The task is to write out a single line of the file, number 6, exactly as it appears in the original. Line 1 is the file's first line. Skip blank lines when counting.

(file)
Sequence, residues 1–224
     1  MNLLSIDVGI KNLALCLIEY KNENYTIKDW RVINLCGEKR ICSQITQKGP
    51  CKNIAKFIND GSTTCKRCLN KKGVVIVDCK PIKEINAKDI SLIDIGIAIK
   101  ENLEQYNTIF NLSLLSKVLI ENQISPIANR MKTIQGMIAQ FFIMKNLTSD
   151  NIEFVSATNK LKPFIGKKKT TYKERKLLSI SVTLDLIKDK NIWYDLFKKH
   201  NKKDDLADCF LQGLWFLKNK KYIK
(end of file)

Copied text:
   201  NKKDDLADCF LQGLWFLKNK KYIK